Climate change is a difficult subject for a lot of people. It is a problem so imposing, of such a huge scale and with a range of effects so wide that it is difficult to grasp for a large part of the population.
And to make it a bit harder to completely understand it, the consequences are delayed, in time, sometimes far beyond our own life expectancy. “Climate change is not well suited to human nature” as Prof. Adam Sobel, one of the experts we met for the project told us.
So how do we make it more suited to us? How do we clear the fog around this topic? And most of all, how do we get people to do something about it?
With these problems in mind and with 2015 being called “the year of the climate”, culminating with COP 21 and the Paris Agreement, we wanted to create an interesting documentary experience that would engage people and make them ponder on their impact on the climate and on the little actions they can do to change things for the good.
After a lot of thinking and wandering and some trials and errors, I believe we achieved our goal.
Climate Under Pressure
The result is Climate under pressure, an interactive documentary experience as I like to call it.
We built 6 interactive stories, kind of a “choose-your-own-adventure” book or game, in a motion comic visual style. In each of these stories, you can experience for yourself the reality of characters living around the world and see the effects climate change already has in their everyday life.
You’ll have decisions to make along your journey at their side, and these decisions will shape the story as you progress through it. Sometimes these decisions are significantly big: choosing a way to protect an island from an upcoming storm with Pai in Tuvalu for example, and sometimes they are of a lesser urgency, like choosing to either buy real or veggie bacon with Michelle at a grocery store in Canada.
What you’ll realize though is that there are different challenges in different parts of the world; some are on the verge of a climate crisis, and some other are less at risk. In the end, it doesn’t matter, wherever you are there is always something you can do to reduce your impact (cut down your carbon emissions) and to adapt to the changing climate.
An Interactive, Immersive Experience
In other words, this interactive experience gives you the chance to live, for a short moment, the everyday life of people around the world and to feel the impacts climate change has on them. In my opinion, that is the beauty and the strength of interactive, immersive experiences.
Most of all, by getting you into action and by putting you in a position of power over these characters’ fates, I think this experience can really make you realize that every action you do can have an impact on climate change and that this impact can be positive or negative depending on the choices you make every day. In other words, it’s up to you if you want to change your habits and help fight climate change. Personally, I find this very empowering.
These stories are fictions, we made them up, but we made sure that we were always as close as we could be to the real situation in these countries. And to make you understand the “realness” of it, we scattered video interviews with real experts from all fields all along the chapters.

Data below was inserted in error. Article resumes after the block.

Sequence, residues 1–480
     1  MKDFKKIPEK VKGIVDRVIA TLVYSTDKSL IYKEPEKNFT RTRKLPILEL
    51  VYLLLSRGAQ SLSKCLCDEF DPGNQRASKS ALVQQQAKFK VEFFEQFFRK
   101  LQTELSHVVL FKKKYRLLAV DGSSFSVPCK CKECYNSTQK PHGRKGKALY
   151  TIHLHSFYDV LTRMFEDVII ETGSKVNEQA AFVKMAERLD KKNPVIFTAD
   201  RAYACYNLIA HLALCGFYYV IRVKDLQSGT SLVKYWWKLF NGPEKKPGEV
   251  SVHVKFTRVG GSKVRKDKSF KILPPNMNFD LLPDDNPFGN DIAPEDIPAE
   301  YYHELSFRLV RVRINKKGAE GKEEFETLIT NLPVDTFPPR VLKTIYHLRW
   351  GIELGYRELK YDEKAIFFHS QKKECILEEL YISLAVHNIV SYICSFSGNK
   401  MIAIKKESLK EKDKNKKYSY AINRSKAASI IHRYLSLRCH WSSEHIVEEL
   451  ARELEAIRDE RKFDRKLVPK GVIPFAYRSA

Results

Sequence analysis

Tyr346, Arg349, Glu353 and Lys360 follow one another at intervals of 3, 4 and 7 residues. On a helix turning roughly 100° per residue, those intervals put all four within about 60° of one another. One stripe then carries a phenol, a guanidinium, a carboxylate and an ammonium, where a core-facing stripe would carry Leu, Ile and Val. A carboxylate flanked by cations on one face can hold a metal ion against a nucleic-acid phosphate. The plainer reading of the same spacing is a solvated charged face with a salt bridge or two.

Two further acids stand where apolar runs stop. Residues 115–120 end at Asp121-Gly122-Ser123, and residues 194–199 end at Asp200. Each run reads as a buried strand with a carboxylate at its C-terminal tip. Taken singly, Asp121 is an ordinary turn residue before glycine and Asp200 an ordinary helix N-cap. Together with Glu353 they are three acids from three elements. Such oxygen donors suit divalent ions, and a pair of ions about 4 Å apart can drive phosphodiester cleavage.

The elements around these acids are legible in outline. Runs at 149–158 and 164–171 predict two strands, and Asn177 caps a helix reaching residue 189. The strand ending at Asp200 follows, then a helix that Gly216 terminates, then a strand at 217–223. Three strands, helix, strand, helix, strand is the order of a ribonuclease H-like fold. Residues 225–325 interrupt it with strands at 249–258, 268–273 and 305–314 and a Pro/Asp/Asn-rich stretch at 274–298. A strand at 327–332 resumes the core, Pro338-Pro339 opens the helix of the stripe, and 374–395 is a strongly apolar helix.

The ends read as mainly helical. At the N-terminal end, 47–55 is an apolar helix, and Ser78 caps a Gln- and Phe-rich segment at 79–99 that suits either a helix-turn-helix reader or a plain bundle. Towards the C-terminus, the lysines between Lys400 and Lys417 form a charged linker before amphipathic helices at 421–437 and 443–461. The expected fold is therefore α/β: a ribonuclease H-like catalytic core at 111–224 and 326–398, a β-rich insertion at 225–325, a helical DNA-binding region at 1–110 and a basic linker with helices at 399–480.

When a new topic is touched in a fiction or prior to a big decision you’ll have to make, you always have access to a renowned climate scientist, an environmentalist, an economist, a writer, a farmer, an energy specialist or even an astrophysicist that will talk to you about the real situation happening in the real world, right now, or give you their opinion on a topic or solutions you can put in place in your life, if you want to fight climate change.
We had the privilege to meet great thinkers for this project, people that can inspire you and get you moving, to name just a few: Nicolas Hulot, Bill McKibben, Steven Guilbeault, Andrew Winston, Catherine Potvin, Bernard Voyer, Karel Mayrand, Alexandre Taillefer, Jean-Pierre Ndoutoum, Jean Jouzel, Corinne Lepage, Laure Waridel, Trinh Xuan Thuan and more!
In the final experience, we have more than 30 experts telling you all they know about climate change, in more than 5 hours of interviews and more than a hundred short clips.
As you see, there is a lot of stuff. We touch pretty much every aspect of our human existence and our activities. We talk about consumption, agriculture, urban development, economy, energy, health and transport.
We try to make the science behind climate change as clear as possible such as the political and sociological challenges surrounding it. And we give you advice on things you can do in your own life to better the climate state if you’re looking for ideas.
If you want to go straight to the “real stuff” and just explore our video collection, we built a directory section on the site where you’ll find all this organised in 4 “thematic files” and a really neat card index.
So if you’re interested in living a different and entertaining experience about climate change or if you want to further your knowledge in one or more of the topics we touch, I invite you to visit our website, either in English or French, and don’t hesitate to talk to us on social media.
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ALERT: My Facebook Page "Climate Change Guide" has been repeatedly hacked since August 2018. Inappropriate posts were made in order to sabotage the page. I believe the culprit is a group of hackers working for a climate change denial group (they posted climate change denial at least once on the page).
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